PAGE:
Want successful CRM? Its the empathy, stupid.
A recent experience reminded me of the importance of handling customers well, especially in times of need. Case in point, I was scheduled to go to the Salesforce Dreamforce event next week and I should mention seeing Marc Benioff speak is one of my favorite things to do. He is passionate and enthusiastic and always on the leading edge.
But it became abundantly clear to me this morning that I am not going to be able to leave this Monday morning from a New York airport to get to San Francisco for the event because of Hurricane Irene. I want to be there of course but even if the flight is able to brave a potential category three hurricane, I am not certain it makes sense to leave my family to deal with the situation without me.
So when my office called the airline to cancel the flight this morning and had to fight with the agent, I was surprised. Apparently the airline said we would get charged if we cancelled the reservation before the flight itself was cancelled. My office asked what if we don’t have power later, how do we contact you? After a heated back-and-forth, the agent noticed I had elite status at the airline and we shouldn’t worry about calling after the flight was supposed to take off and asking for a refund.
All this after a 20 minute hold. I wonder if airline execs ever wonder why their customers don’t really like them that much.
This is a bit surprising because JetBlue is moving its planes out of the New York airports to avoid damage. Yet, my airline – one which I have a love/hate relationship with and mentioned in this article (not JetBlue) has shut operations in some airports but hasn’t decided what it should do with New York yet.
Speaking of JetBlue, the company’s website has a weather link at the top of its home page allowing you to get valuable information while my airline – nothing.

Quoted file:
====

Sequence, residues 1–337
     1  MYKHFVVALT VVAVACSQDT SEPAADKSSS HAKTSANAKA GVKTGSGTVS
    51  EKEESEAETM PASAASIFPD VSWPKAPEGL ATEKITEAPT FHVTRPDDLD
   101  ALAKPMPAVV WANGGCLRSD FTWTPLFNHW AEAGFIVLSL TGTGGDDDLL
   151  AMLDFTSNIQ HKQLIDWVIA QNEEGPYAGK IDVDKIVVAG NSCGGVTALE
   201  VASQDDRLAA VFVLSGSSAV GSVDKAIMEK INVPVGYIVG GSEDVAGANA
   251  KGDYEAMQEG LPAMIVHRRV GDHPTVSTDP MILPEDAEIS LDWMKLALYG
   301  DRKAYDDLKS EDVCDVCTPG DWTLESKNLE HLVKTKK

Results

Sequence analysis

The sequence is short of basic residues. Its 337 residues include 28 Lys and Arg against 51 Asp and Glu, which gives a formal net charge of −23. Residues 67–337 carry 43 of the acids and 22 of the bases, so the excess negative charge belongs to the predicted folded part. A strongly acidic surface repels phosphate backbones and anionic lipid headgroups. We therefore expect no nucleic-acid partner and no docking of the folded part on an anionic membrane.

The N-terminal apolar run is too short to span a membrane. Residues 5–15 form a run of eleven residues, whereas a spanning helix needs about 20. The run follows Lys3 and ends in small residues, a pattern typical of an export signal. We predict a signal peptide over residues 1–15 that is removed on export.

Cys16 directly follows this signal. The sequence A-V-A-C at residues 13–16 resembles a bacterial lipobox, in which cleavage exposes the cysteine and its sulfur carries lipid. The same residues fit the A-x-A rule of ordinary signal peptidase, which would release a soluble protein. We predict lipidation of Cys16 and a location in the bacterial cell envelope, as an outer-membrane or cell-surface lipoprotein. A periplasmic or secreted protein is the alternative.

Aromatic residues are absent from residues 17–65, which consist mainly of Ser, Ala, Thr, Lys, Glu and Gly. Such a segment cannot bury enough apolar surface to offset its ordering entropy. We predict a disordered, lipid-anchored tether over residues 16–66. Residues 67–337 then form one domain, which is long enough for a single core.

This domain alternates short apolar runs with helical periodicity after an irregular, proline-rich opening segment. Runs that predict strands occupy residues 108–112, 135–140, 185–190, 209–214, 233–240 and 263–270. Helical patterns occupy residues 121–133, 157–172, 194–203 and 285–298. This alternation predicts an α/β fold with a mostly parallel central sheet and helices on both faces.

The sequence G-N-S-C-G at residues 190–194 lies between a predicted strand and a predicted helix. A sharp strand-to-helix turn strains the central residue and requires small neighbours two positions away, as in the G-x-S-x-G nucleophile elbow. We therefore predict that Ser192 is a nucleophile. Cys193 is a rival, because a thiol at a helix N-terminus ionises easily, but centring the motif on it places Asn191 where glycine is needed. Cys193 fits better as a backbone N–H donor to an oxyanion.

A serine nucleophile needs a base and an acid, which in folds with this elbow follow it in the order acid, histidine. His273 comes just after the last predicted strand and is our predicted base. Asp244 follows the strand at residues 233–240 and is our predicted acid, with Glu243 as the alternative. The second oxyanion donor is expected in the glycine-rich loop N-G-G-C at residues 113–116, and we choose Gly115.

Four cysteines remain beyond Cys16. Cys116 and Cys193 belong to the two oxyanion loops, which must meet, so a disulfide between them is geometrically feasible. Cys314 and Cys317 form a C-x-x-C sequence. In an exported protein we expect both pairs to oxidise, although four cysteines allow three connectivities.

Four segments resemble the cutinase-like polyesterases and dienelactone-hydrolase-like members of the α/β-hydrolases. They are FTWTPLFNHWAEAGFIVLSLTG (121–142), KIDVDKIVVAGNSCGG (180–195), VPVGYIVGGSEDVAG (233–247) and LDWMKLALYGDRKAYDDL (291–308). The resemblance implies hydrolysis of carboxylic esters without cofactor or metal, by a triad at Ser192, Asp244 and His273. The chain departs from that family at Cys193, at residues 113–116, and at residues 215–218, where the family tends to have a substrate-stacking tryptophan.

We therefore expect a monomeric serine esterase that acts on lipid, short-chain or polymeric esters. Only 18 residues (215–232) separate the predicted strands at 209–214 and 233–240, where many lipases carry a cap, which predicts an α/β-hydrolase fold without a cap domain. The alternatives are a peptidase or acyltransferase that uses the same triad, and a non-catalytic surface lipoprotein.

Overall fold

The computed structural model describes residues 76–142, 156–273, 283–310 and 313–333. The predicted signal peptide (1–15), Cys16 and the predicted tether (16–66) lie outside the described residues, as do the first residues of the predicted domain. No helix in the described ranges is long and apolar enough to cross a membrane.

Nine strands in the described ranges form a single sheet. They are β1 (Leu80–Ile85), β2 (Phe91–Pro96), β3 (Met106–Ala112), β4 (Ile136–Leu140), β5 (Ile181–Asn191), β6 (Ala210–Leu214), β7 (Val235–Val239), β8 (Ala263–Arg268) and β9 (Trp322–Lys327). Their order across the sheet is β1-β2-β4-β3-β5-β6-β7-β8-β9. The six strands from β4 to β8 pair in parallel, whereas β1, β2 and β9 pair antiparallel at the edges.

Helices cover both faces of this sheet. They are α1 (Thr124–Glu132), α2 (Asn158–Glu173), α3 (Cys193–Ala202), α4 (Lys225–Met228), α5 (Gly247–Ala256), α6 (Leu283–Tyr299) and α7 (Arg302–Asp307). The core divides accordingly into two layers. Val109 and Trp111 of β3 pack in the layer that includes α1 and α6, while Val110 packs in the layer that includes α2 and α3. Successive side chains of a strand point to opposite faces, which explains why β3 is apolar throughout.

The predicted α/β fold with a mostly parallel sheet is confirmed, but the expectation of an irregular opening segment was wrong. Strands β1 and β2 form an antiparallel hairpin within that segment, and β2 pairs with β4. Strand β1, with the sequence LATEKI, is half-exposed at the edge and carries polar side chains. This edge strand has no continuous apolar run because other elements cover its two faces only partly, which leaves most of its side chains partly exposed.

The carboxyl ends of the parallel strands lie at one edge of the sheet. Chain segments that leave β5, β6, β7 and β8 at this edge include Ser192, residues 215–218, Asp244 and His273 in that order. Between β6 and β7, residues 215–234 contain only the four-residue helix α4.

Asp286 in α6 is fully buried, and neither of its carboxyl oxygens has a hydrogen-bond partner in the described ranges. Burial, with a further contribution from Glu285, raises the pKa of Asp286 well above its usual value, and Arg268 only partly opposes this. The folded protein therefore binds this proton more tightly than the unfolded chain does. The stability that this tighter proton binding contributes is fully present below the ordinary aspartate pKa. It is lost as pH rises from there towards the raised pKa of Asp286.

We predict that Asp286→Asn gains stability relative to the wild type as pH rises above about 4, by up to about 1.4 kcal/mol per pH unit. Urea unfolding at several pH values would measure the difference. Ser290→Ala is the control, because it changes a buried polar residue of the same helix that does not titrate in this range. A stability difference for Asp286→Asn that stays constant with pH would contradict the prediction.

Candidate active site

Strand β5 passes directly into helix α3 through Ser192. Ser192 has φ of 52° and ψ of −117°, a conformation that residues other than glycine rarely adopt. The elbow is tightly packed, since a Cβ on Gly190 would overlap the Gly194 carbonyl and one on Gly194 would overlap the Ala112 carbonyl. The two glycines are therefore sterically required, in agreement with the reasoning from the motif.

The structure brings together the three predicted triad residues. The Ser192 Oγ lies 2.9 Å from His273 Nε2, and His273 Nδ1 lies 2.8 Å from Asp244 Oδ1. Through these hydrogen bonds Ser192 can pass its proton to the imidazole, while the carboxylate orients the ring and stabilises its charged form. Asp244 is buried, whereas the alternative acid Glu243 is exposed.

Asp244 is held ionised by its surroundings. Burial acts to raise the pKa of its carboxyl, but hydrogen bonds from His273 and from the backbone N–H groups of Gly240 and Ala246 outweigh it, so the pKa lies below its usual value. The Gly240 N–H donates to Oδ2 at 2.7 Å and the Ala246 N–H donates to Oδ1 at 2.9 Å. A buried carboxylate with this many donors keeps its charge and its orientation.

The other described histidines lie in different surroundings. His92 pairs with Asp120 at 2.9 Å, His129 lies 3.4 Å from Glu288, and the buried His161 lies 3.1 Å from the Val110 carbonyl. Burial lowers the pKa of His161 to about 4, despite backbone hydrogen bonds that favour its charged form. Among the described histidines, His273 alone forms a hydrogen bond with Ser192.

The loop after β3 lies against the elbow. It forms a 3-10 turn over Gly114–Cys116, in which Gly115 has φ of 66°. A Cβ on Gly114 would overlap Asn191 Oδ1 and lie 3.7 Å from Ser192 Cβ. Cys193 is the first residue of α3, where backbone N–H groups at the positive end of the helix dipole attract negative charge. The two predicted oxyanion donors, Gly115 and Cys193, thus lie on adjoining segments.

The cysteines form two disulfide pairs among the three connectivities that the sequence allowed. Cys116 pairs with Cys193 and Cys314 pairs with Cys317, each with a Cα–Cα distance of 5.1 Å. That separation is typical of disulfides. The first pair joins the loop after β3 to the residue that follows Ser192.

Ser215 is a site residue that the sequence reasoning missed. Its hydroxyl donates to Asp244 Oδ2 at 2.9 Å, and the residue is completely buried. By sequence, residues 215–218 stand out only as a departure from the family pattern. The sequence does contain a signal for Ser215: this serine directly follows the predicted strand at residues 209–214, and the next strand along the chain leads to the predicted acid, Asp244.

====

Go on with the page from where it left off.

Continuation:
One imagines my airline should have a contingency plan which involves notifying customers proactively if a flight is cancelled – and moreover, it should be assuring customers they have nothing to worry about. Airlines need to realize that when people are dealing with potential destruction on a massive and life-threatening scale, navigating complex airline IVR systems and rigid anti-consumer policies is enough to push them over the edge.
That reminds me, after my recent meeting with Nuance, maybe its time to switch to US Airways because at least they are proactively trying to improve their systems to be more customer friendly.
Perhaps what is most annoying to me is the fact that I am a pretty big flyer and get special treatment but what about Joe Average? How does he or his wife Jane deal with airlines in these sorts of situations? Is it fair to them to have to spend hours on the phone to cancel a flight especially when the likelihood of major power outages is fairly large?
The irony isn’t lost on me – I am unable to attend the world’s largest CRM show due to potentially largest hurricane of my lifetime and my airline reminds me that regardless of how good technology gets with Moore’s Law and super-powerful clouds, unsympathetic policies will always be the limiting factor in a successful CRM strategy.